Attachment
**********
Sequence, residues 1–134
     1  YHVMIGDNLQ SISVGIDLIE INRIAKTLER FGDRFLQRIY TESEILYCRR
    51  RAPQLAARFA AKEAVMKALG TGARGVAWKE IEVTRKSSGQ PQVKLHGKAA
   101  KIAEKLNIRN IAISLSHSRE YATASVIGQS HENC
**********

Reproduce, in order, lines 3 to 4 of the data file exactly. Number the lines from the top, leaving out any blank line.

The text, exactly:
    51  RAPQLAARFA AKEAVMKALG TGARGVAWKE IEVTRKSSGQ PQVKLHGKAA
   101  KIAEKLNIRN IAISLSHSRE YATASVIGQS HENC